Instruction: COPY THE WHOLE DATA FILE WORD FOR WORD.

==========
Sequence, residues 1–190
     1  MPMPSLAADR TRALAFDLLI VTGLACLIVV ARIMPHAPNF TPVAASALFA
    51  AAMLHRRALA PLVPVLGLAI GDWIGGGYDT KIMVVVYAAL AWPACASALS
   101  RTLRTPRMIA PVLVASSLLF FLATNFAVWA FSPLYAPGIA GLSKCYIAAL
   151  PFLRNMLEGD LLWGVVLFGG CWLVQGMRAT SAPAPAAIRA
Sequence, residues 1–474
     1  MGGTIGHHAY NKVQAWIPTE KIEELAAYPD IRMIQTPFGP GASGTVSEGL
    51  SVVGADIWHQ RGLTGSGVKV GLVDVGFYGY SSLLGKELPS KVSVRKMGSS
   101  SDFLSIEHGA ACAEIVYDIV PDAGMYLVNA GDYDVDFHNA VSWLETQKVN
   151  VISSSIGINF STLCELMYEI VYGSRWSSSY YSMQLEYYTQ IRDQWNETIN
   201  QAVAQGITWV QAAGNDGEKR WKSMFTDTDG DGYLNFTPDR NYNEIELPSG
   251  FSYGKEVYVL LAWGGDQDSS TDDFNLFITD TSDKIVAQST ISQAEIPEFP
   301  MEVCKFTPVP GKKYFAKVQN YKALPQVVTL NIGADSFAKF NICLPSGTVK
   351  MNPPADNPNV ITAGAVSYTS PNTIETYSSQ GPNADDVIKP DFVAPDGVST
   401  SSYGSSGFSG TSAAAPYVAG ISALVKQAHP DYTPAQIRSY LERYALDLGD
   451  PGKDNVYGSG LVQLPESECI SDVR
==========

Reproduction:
Sequence, residues 1–190
     1  MPMPSLAADR TRALAFDLLI VTGLACLIVV ARIMPHAPNF TPVAASALFA
    51  AAMLHRRALA PLVPVLGLAI GDWIGGGYDT KIMVVVYAAL AWPACASALS
   101  RTLRTPRMIA PVLVASSLLF FLATNFAVWA FSPLYAPGIA GLSKCYIAAL
   151  PFLRNMLEGD LLWGVVLFGG CWLVQGMRAT SAPAPAAIRA
Sequence, residues 1–474
     1  MGGTIGHHAY NKVQAWIPTE KIEELAAYPD IRMIQTPFGP GASGTVSEGL
    51  SVVGADIWHQ RGLTGSGVKV GLVDVGFYGY SSLLGKELPS KVSVRKMGSS
   101  SDFLSIEHGA ACAEIVYDIV PDAGMYLVNA GDYDVDFHNA VSWLETQKVN
   151  VISSSIGINF STLCELMYEI VYGSRWSSSY YSMQLEYYTQ IRDQWNETIN
   201  QAVAQGITWV QAAGNDGEKR WKSMFTDTDG DGYLNFTPDR NYNEIELPSG
   251  FSYGKEVYVL LAWGGDQDSS TDDFNLFITD TSDKIVAQST ISQAEIPEFP
   301  MEVCKFTPVP GKKYFAKVQN YKALPQVVTL NIGADSFAKF NICLPSGTVK
   351  MNPPADNPNV ITAGAVSYTS PNTIETYSSQ GPNADDVIKP DFVAPDGVST
   401  SSYGSSGFSG TSAAAPYVAG ISALVKQAHP DYTPAQIRSY LERYALDLGD
   451  PGKDNVYGSG LVQLPESECI SDVR